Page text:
GAMING DUEL AT PARIS, 1827.
A medical student, named Goulard, quarrelled at billiards with a
fellow-student named Caire. Their mutual friends, having in vain
tried every means of persuasion to prevent the consequences of
the dispute, accompanied the young men without the walls of
Paris. Goulard seemed disposed to submit to an arrangement, but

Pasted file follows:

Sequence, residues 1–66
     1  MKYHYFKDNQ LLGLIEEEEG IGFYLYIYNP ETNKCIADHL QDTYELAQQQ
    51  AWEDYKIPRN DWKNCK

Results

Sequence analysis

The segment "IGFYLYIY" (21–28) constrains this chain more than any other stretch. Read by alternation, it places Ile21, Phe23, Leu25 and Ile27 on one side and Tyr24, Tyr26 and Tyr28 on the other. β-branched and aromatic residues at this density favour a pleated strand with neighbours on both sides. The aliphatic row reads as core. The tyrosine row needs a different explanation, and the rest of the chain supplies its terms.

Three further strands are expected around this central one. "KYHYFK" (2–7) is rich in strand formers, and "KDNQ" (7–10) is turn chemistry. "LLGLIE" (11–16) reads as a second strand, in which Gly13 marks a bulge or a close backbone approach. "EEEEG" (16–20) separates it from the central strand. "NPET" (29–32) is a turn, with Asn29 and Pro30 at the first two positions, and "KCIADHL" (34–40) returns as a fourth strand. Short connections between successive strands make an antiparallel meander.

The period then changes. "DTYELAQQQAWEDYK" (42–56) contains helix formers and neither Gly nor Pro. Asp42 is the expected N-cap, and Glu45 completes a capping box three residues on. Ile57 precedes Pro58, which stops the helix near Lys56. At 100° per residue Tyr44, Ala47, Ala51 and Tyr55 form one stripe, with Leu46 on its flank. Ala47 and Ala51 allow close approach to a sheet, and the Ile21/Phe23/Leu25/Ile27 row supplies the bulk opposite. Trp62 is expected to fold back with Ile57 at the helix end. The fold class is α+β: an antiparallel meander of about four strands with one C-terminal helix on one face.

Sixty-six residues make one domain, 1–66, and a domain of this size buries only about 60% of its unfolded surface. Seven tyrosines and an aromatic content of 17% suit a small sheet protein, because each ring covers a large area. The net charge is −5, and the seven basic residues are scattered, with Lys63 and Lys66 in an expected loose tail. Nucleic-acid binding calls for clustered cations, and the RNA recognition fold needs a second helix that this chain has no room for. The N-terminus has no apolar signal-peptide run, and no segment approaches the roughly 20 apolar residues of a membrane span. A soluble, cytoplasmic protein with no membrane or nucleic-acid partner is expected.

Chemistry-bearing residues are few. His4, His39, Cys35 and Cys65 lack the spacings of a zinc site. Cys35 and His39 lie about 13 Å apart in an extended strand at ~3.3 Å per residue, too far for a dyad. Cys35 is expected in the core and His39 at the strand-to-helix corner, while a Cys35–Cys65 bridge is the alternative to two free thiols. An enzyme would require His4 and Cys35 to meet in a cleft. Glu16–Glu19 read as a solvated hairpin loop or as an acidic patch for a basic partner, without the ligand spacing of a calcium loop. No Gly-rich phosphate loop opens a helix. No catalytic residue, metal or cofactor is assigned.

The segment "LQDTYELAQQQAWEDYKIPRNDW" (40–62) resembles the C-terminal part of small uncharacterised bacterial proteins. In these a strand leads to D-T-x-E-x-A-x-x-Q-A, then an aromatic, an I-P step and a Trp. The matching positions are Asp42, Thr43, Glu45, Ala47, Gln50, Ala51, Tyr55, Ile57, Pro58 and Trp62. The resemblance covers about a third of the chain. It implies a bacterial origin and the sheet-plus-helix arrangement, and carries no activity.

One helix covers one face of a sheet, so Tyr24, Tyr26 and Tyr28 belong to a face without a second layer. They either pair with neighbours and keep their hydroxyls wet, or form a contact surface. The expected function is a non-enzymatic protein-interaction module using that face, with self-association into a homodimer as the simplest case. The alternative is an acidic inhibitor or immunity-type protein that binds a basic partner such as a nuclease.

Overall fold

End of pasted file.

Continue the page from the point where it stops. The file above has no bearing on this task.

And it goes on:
Cairo obstinately refused. The seconds measured the ground, and
the first shot having been won by Goulard, he fired, and Caire
fell dead. Goulard did not appear during the prosecution that
followed; he continued absent on the day fixed for judgment, and
the court, conformably to the code of criminal proceedings,
pronounced on the charge without the intervention of a jury. It
acquitted Goulard of premeditation, but condemned him for
contumacy, to perpetual hard labour, and to be branded; and this
in spite of the fact that the advocate-general had demanded
Goulard's acquittal of the charge.